Many of my author friends have a love-hate relationship with Amazon reviews. They lap up the four and five star grades, make peace with three stars, cringe at two, and absolutely flip out with a lowly single star. And when Nik and I publish our books (fingers crossed while tapping wood, tossing chicken bones, and praying fervently), I know I’ll be exactly the same. If I can even bear to look.
The King James Bible: “I have a neighbor who insists on working on the Sabbath. Exodus 35.2 clearly states he should be put to death. Am I morally obligated to kill him, or should I ask the police to do it?”But having read through hundreds of reviews, it’s clear that the price we pay for free speech and a (mostly) open internet, is that not everyone is going to like everything, and they’re not afraid to say it via a completely anonymous commenting system.
- David Copperfield (Charles Dickens): “…if you have several hours to spend on the pursuit of being so bored you want to contemplate suicide, I would highly recommend this book.”
- Treasure Island (Robert Louis Stevenson): “Not very interesting. It was confusing with sailor slang words and British spelling. I would not recommend this book to people who like action."
- Crime and Punishment (Fyodor Dostoevsky): “I felt like my crime was buying the book and my punishment was reading it…the characters constantly reminded me of the "two wild and crazy guys" from Saturday Night Live.”
- Alice’s Adventures in Wonderland (Lewis Carroll): “The only redeeming factor about this endless acid trip is putting the literal meaning behind the phrases that have inexplicably wormed their ways into the English language, such as Cheshire grin or "down the rabbit hole." I had to read it to keep up with my son's middle school class assignments, and it leaves me wondering why schools would assign books that can turn the kid off to reading altogether.”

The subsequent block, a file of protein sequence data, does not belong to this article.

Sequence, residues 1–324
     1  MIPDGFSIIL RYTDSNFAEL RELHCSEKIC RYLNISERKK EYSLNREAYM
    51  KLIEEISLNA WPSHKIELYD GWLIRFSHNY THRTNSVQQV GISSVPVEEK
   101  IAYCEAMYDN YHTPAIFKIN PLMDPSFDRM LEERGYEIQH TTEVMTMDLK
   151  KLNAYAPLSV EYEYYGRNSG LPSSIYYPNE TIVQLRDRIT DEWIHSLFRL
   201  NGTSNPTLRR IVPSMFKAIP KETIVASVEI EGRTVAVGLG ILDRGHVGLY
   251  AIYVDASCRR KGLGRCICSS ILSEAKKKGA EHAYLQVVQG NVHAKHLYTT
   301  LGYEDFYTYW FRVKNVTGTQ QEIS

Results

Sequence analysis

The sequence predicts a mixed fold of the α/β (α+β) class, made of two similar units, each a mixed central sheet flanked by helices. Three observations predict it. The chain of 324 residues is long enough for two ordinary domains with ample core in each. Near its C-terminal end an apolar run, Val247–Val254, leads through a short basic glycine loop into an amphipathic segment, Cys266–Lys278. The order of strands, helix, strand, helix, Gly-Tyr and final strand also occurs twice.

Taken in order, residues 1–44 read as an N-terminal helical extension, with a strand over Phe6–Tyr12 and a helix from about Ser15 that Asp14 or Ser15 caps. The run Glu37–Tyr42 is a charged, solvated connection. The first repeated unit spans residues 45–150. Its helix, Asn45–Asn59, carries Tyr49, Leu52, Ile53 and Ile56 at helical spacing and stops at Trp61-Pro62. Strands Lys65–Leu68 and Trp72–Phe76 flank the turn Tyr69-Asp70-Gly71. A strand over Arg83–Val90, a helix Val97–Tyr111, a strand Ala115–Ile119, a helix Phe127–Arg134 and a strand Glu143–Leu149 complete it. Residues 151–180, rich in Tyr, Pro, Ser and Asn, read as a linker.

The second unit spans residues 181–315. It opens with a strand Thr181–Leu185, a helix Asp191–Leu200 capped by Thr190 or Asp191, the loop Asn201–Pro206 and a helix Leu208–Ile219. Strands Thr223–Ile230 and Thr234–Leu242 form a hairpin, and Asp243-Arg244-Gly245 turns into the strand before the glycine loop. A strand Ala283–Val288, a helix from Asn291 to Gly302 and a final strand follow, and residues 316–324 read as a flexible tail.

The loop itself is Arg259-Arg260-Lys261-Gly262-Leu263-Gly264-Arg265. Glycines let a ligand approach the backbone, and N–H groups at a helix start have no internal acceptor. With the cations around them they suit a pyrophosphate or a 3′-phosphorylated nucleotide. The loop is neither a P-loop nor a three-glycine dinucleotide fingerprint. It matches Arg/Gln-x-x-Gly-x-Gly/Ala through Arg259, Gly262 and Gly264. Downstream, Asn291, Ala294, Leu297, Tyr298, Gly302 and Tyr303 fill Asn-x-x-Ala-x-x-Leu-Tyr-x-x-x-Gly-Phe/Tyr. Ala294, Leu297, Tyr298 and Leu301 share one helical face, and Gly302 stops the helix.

- Little Women (Louisa May Alcott): “Each [girl] initially aspires to do something great with her talent, but these dreams are summarily squashed. By the end of the book, and with the admonition that "talent isn't genius", Alcott has impressed upon her audience that such dreams are almost always fanciful. The lesson seems to be: harbor such dreams at a young age if you must - - but in the end, you'll be much happier if you get married, have kids, live puritanically, and take care of your husband."
- The Secret Garden (Frances Hodgson Burnett ): “Take a bratty girl, have her meet up with her obnoxious, long-lost, sickly cousin and throw in an intolerably polite green thumb, write them in a story about a garden that the Hunchback of Notre Dame locked away because it reminded him of his deceased wife, and write in the most annoying, condescending style imaginable.”
And one of my favorite reads EVER:
- The Hitchhiker's Guide to the Galaxy (Douglas Adams): "Reading The Hitchhiker's Guide to the Galaxy is like sleeping with the town slut... everyone tells you she is good, so you give her a try. Afterward, you kick yourself for being so gullible to believe it.”